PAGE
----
If we are afraid of the Cross, afraid of following Christ, maybe what we fear most is the inevitably of joining him on the Cross. Remember that Peter, in a fit of fear and false love, denied the inevitability of Christ’s defeat and, in this denial, denied the necessity of his own crucifixion. Jesus, knowing the certainty of his Father’s plan for our salvation, rebukes Peter's fear, “Get behind me, Satan!” Even then, Christ is emptied, obedient to death, and ready to die on the Cross. Perhaps we show our deepest gratitude to Christ by emptying ourselves, being obedient to death, and preparing ourselves to die in his name. Perhaps. But what does this mean for tomorrow? For today? Sitting in a room, cases packed, shoes neatly tied, waiting for martyrdom? Nothing so passive as all that! Paul says that we should bend our knees and confess Jesus as Lord. Walking this path of worshipful praise cannot be good exercise if we fail to do what Christ himself did: feed the hungry, clothe the naked, heal the sick. Add to this: preach the Good News of God’s mercy and teach what Christ himself taught, and we have just the beginning of our gratitude, just the barest start to what must be our lives completely given over to the path of righteousness. There's much to fear in so much surrender. Especially when you know that the one you used to be will not be found again.

Look at Moses and God’s people in the desert. “With their patience worn out by the journey, the people complained against God and Moses…” Not only are we made and made to return to our Maker, but we are rescued from death by the death of Christ on the Cross and expected then to prepare ourselves for following him to the Cross, obedient to death, bending the knee, confessing his name, and waiting, waiting, waiting for his return to us so we can return to Him. Is your patience exhausted by the wait? Do we complain against God and His Church? Our desert is not getting smaller or cooler or less arid. Our days are no shorter. Our nights no brighter. Moses wanders and we follow. And our patience, already silk-thin already, rubs even thinner, waiting on the fulfillment of the promise the Cross made in God’s name.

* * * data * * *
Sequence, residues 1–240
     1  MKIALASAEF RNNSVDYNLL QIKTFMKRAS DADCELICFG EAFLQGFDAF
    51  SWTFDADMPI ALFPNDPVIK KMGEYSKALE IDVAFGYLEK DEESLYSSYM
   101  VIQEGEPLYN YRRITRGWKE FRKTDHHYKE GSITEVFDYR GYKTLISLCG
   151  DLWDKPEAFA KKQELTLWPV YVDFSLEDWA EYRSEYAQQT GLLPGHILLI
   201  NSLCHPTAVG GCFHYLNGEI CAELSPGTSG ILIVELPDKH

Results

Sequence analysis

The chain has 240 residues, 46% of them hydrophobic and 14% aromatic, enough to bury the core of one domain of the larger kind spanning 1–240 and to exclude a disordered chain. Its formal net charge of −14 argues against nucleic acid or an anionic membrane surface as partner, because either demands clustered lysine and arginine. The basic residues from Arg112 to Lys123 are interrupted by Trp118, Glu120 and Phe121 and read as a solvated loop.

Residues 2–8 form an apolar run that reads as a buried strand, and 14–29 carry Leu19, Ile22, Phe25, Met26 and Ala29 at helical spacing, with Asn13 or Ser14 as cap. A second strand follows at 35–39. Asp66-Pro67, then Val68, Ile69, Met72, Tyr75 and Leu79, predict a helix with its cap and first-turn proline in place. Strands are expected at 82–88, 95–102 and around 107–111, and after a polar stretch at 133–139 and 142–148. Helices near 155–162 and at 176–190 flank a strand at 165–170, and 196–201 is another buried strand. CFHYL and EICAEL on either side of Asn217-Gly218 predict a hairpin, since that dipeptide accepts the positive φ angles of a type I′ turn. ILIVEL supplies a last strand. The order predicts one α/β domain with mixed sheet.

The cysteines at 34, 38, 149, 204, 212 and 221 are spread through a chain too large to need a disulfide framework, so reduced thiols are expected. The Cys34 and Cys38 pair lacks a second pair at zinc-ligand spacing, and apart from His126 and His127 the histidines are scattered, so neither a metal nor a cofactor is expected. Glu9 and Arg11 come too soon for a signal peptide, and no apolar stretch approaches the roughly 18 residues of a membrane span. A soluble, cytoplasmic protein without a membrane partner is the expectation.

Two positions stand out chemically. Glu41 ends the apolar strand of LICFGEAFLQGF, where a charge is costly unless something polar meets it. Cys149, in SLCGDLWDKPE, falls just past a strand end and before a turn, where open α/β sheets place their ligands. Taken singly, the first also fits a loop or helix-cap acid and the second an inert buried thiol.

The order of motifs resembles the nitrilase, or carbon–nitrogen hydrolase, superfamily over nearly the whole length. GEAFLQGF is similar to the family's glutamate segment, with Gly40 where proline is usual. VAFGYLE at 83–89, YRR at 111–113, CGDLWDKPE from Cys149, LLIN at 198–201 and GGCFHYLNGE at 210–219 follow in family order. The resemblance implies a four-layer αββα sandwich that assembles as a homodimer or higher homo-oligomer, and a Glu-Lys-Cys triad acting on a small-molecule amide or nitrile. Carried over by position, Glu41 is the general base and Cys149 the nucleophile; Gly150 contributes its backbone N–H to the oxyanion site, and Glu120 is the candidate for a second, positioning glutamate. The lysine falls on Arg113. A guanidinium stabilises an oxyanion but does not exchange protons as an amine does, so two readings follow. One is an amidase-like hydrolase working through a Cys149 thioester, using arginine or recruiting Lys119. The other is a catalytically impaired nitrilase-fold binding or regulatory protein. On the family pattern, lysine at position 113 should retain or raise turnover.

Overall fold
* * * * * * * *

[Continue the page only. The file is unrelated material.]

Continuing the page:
While waiting, what do we do? Some of us persevere, walking the Way. Some of us withdraw to wait. Others walk off alone. Still others erect idols to new gods and find hope in different, alien promises. Some let the serpents bite and thrill in the poisonous moment before death. Perhaps most who were with us at first perish from hearts stiffened by apathy, what love they had exhausted by the tiresome demands of an obedience they never fully accepted. Not all the seeds will fall on smooth, fertile earth. If those who walked away or surrendered or succumbed to attacks on the heart, if they are out there and not here with us, what hope do we have of going forward, of continuing on to our own crosses in the city’s trash heap?

We exalt the Cross. And they are not lost. Unless they choose not to be found. We exalt the Cross. Lifted high enough and waved around vigorously enough, even the lost will find it. Even those who, for now, do not want to be found, may see it and be healed, if they will. But they will not see what they must to be healed if those of us who claim to walk the Way do so timidly, quietly. The Way of Christ to the Cross is not a rice paper path that we must tip-toe across in fear of tearing it. Or a shaky jungle bridge over a ravine that we must not sway for fear of falling. Or a bed of burning coals that we must hop across quickly so as to avoid blistering our feet. The Way of Christ to the Cross has been made smooth, straight, and downhill all the way but nonetheless dangerous for its ease. There’s still the jeering mob, the scourge, the spit and the garbage, and there’s still the three nails waiting at the end. But this is what we signed up for, right? It’s what we promised to do, to be.

Our help is in the name of the Lord. Bend the knee. Confess his name. Do so loudly, proudly and do so while doing what Christ himself did. Otherwise, who will find us among the jeering crowd, the spitting mob; who will see the Cross if we fail to lift it high?